Forget where we go, or even what we do, and instead ponder what our deliberate pause does. In a gentle but profound way these trips scratch the record of our day-to-day lives. For a conscious moment, they jump us out of the well-worn grooves we form and operate in the other 347 days of our lives. Temporarily, wonderfully, these pauses find us crossing into new worlds – not dramatically nor irrevocably, but in a toe-over-the-line manner that finds us briefly beyond the borders that define and limit us far more than we are aware.

In the research surrounding my two books, these past ten years I’ve had the good fortune to interview some of the most creative people on the planet – from MacArthur Fellows and Nobel laureates, to innovators in business, the arts, science, and education, to leaders across sectors visibly moving the world and all of us forward. Each of them, literally hundreds of intrepid explorers, engages in this habit of taking a deliberate pause. As to the form, to be sure, there are those that journey to far off lands as my family and I do. But others simply walk a different way to lunch each day (really), read across genres, engage strangers in conversation in a grocery store line, or adjust their clocks a little each day in order to rise with the sun and watch its magic. 

How to seize that power for yourself

There are many things about a deliberate pause that are not important:

  • The form it takes
  • The length
  • The activity (if any) you engage in while pausing
  • Seeking to accomplish something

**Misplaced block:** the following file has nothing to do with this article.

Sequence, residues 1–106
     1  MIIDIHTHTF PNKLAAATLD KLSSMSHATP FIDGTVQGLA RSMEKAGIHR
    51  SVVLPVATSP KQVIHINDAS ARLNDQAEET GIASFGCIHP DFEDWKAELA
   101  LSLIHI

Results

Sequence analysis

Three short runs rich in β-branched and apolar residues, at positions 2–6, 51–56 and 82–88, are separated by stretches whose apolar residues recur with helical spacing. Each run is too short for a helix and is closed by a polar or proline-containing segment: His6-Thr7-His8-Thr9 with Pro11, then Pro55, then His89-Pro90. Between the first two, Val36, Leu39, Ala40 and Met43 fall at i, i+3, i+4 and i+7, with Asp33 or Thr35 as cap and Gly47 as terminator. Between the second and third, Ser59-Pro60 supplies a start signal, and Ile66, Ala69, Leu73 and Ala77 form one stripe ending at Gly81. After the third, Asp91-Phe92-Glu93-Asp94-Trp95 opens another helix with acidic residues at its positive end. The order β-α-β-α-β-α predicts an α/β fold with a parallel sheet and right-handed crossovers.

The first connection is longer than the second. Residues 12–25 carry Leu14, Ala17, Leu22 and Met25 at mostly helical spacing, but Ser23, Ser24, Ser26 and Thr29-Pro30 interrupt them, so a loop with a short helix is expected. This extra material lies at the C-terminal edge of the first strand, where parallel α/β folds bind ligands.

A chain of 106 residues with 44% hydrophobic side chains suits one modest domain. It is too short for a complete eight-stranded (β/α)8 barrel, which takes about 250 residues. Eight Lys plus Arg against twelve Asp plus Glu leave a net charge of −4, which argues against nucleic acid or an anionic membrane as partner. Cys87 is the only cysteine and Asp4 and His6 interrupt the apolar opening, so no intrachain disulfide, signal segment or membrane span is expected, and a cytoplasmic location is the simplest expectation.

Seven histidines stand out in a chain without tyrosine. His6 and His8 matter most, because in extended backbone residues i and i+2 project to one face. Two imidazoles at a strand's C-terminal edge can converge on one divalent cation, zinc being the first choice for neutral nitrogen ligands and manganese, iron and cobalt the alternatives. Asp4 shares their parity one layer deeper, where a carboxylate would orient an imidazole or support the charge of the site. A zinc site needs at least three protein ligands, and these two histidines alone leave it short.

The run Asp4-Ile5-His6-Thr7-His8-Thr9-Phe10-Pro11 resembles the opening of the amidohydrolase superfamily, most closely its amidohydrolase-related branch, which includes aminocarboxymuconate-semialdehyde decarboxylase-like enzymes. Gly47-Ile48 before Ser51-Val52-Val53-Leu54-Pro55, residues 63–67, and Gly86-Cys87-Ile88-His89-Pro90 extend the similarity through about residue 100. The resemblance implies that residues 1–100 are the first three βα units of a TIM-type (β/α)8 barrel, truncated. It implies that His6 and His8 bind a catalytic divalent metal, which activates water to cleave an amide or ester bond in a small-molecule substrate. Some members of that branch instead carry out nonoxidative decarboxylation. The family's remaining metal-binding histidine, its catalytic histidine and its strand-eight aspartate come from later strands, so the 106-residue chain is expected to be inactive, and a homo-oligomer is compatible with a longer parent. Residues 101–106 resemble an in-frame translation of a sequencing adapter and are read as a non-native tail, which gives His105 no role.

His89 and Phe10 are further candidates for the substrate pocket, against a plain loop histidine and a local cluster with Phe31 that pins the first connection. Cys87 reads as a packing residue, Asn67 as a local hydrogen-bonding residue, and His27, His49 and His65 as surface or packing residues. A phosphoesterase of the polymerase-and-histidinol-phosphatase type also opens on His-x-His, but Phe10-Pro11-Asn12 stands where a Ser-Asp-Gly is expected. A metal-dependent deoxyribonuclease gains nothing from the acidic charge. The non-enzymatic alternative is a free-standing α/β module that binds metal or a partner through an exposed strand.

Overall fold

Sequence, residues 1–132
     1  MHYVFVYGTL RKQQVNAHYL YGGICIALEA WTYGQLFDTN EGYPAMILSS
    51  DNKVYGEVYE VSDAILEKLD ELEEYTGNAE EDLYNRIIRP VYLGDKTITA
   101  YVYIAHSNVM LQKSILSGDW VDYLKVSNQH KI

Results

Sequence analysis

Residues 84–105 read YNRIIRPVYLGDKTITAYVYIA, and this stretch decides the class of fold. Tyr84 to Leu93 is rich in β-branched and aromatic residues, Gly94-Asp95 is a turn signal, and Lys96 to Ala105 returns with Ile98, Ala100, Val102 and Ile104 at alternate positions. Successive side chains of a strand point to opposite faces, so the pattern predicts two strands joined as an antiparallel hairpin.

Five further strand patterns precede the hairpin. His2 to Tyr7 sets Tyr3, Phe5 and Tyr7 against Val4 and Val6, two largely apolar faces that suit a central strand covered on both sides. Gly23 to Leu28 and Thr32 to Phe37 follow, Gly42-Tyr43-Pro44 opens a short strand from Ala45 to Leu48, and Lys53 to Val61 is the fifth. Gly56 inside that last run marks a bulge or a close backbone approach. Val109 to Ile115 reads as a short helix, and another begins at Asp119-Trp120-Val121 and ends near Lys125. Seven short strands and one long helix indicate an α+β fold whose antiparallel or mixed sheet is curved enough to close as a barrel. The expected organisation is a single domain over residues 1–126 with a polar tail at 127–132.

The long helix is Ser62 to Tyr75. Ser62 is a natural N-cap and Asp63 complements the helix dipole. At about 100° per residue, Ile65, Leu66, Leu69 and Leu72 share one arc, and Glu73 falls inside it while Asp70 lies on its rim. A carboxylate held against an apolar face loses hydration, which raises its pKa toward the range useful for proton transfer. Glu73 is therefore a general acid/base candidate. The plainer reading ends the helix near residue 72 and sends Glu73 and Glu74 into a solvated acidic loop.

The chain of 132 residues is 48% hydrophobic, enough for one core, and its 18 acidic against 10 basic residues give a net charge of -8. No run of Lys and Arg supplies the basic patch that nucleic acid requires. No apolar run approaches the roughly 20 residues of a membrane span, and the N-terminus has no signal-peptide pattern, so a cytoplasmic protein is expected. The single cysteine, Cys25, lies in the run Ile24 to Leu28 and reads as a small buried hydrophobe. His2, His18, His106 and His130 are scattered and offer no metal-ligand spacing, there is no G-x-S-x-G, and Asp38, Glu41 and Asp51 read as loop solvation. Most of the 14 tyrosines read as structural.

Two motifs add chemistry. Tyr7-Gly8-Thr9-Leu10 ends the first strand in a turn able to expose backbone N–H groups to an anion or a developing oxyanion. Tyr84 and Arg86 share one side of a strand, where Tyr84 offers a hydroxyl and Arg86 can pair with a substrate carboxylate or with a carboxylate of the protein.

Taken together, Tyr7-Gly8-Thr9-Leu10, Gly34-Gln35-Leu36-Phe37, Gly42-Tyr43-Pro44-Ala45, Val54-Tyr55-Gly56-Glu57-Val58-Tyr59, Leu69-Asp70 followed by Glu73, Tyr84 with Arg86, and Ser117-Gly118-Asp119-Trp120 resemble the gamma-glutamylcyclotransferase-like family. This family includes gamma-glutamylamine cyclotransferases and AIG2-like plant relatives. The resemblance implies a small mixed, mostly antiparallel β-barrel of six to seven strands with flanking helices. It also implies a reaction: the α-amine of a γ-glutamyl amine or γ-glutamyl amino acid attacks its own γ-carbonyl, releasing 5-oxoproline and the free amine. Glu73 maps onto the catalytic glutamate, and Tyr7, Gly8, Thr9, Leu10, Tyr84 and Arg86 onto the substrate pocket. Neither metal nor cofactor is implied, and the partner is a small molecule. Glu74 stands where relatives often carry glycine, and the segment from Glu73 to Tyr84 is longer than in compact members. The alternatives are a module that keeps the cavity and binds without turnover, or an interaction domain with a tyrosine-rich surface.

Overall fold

The last point is the most important ‘non-important’ thing. A deliberate pause is a clearing, not a construction nor a conclusion. Rather than an act of creation, it is the catalyst fueling your creative capacity. A deliberate pause has the subtle sway to remind your brain that its full capability is something that goes far beyond its proficiency at following routines and staying on task.

So what does matter when it comes to a deliberate pause? These stand out:

  • Choosing your own way
  • Moving beyond the borders of routine
  • Making it a habit
  • Allowing whatever happens to happen unfiltered 

Pausing deliberately isn’t about spending time and money you don’t have, just as it isn’t about anticipating lightning bolt answers or blindly brilliant ideas to arise out of nowhere. It’s about consciously enabling that gradual accumulation that is creativity and with it, the fullness of who you are and what you’re capable of.


Larry Robertson is the author of two award-winning books: ‘The Language of Man. Learning to Speak Creativity’ and ‘A Deliberate Pause: Entrepreneurship and its Moment in Human Progress’. He’s the founder of two ventures, one for-profit and one non, and a highly respected thought leader in creativity, innovation, and entrepreneurship, advising individuals and organizations across a broad spectrum. Larry is a graduate of Stanford University and Northwestern University’s Kellogg School of Management and a former Adjunct Professor of Entrepreneurship at Georgetown University’s McDonough School of Business.